To aid in identification of various immunodeficiency states and the evaluation of immunoproliferative disorders (polyclonal vs. monoclonal). More specifically, the levels are used to diagnose and classify disorders of humoral immunity; diagnose and monitor therapy in myeloma, macroglobulinemia of Waldenstrom and heavy chain disease; evaluate lymphoproliferative diseases, including lymphoma; evaluate primary biliary cirrhosis and other autoallergic liver disease, particularly chronic active hepatitis; evaluate amyloidosis.
IMMUNOGLOBULIN A: Cord blood (age <1 mos): 1 - 4 mg/dL, age 1 mos: 2 - 50 mg/dL, age 2-9 mos: 4 - 80 mg/dL, age 10-11 mos: 15 - 90 mg/dL, age 1-4 yrs: 15 - 160 mg/dL, age 5-11 yrs: 35 - 250 mg/dL, age 12-150 yrs: 40 - 350 mg/dL. IMMUNOGLOBULIN G: Cord blood (age <1 mos): 610 - 1540 mg/dL, age 1 mos: 240 - 870 mg/dL, age 2-5 mos: 170 - 670 mg/dL, age 6-9 mos: 210 - 870 mg/dL, age 10-11 mos: 280 - 1030 mg/dL, age 1 yr: 330 - 1160 mg/dL, age 2-3 yrs: 405 - 1160 mg/dL, age 4-5 yrs: 440 - 1190 mg/dL, age 6-150 yrs: 620 - 1520 mg/dL. IMMUNOGLOBULIN M: Cord blood (age <1 mos): 6 - 25 mg/dL, age 1 mos: 20 - 80 mg/dL, age 2-5 mos: 25 - 95 mg/dL, age 6-11 mos: 35 - 140 mg/dL, age 1-7 yrs: 40 - 190 mg/dL, age 8-11 yrs: 50 - 240 mg/dL, age 12-150 yrs: 50 - 370 mg/dL.
See individual assays
- Globulins, Serum
- Immunoglobulin G,A,M
- Quantitative Immunoglobulins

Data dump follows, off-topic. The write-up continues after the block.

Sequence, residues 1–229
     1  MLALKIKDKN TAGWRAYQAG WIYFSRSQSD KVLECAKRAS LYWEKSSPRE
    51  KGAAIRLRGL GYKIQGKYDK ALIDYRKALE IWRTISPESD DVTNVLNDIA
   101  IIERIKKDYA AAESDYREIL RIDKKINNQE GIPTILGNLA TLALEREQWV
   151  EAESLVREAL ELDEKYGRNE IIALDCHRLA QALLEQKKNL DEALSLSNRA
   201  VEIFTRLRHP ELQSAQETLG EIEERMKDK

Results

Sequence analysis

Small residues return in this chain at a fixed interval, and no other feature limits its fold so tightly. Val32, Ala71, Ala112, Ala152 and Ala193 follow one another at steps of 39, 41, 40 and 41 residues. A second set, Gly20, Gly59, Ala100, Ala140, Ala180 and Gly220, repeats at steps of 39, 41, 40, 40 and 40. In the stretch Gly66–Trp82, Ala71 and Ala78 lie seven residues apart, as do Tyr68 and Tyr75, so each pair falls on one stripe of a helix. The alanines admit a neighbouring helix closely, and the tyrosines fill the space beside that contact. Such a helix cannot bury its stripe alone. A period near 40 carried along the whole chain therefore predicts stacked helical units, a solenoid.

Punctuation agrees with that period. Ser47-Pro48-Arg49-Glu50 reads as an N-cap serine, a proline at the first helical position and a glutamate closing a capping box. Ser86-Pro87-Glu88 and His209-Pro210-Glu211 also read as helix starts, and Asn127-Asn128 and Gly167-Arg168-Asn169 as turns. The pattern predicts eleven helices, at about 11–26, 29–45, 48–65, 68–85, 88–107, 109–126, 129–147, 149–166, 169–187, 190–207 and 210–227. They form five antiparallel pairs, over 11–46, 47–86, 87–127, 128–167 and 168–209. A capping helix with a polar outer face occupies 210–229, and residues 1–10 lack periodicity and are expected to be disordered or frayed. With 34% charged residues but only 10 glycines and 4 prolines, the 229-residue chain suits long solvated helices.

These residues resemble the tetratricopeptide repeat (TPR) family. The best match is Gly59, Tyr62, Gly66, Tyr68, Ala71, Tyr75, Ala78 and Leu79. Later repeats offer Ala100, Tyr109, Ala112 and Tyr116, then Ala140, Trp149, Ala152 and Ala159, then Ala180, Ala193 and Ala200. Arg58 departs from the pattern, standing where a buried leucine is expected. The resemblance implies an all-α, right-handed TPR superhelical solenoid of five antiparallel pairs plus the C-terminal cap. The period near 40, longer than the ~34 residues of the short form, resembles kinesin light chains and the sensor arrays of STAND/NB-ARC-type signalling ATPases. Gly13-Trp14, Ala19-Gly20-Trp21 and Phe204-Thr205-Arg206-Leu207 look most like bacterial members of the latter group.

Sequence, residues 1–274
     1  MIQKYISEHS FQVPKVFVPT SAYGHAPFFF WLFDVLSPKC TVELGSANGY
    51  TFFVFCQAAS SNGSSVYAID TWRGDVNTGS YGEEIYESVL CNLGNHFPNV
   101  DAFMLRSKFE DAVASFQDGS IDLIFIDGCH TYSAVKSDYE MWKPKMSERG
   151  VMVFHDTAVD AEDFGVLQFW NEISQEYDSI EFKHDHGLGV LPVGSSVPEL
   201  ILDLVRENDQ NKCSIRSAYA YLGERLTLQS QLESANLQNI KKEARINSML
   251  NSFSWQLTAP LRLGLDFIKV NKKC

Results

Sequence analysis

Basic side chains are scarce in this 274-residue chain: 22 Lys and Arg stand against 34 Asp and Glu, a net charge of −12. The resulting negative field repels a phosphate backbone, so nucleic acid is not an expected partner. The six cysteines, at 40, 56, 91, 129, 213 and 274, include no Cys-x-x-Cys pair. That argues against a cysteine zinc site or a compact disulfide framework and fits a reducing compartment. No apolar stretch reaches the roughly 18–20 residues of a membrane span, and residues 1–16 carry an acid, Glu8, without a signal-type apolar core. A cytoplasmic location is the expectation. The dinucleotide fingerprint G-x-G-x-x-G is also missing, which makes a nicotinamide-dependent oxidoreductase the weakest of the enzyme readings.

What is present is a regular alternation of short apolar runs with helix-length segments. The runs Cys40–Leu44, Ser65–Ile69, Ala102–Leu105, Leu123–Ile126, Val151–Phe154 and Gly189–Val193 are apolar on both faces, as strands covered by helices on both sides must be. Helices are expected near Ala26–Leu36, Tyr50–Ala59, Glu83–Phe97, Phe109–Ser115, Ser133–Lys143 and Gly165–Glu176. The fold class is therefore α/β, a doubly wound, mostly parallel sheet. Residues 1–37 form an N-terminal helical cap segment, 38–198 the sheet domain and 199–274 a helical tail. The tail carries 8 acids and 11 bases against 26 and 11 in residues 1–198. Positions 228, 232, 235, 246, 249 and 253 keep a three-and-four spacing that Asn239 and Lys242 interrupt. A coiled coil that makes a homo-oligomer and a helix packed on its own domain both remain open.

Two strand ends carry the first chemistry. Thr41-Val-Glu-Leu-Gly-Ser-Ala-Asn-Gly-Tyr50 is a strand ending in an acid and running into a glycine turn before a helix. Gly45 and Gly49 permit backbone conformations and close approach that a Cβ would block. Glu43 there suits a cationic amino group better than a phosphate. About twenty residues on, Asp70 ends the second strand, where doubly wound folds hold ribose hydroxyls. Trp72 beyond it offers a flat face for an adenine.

- Serum Immunoglobulins
- IMMUNOGLOBULIN QUANTITATION
- IMMUNOGLOBULIN A
- IMMUNOGLOBULIN G
- IMMUNOGLOBULIN M
Collect specimen in SST tube. Centrifuge, aliquot serum into a plastic vial and refrigerate.
Store at 2-8°C up to 8 days.
Samples may be frozen at -20°C or below for up to 3 months if they are frozen within 24 hours after collection.
Total protein and protein electrophoresis are not part of the Immunoglobulin Quantitation and must be requested separately if needed. Polyclonal elevations are found in acute and chronic inflammation, drug induced cholestatic hepatitis, cirrhosis, biliary cirrhosis, chronic infections, subacute bacterial endocarditis, sarcoidosis, ulcerative colitis, intestinal obstruction, autoimmune diseases, and others. IgG elevation is seen in IgG myeloma and chronic active hepatitis. IgA elevation is seen in respiratory and gastrointestinal infections, IgA myeloma, malabsorption and diarrhea. IgM elevation is seen in viral infections, in Waldenstrom's macroglobulinemia, after numerous transfusions and in nephrotic syndrome. One or more immunoglobulins may be elevated in benign monoclonal gammopathy; these may not be clinically significant. One or more of the immunoglobulins may be decreased on a congenital basis. Acquired decreases are seen in relation to immunosuppressive therapy, lymphoma, leukemia, myeloma, macroglobulinemia, and excessive protein loss (nephrosis, renal disease, gastroenteropathies, cutaneous burns, ascites, eczema).